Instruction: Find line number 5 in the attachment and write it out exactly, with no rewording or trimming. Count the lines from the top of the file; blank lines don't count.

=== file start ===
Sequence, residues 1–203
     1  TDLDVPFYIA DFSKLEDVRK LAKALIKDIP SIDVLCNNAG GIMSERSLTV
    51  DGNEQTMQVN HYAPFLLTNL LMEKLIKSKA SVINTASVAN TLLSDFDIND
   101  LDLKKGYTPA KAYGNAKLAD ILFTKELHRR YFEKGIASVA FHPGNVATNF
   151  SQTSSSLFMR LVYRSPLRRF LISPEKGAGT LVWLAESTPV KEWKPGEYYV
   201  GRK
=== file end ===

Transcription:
   151  SQTSSSLFMR LVYRSPLRRF LISPEKGAGT LVWLAESTPV KEWKPGEYYV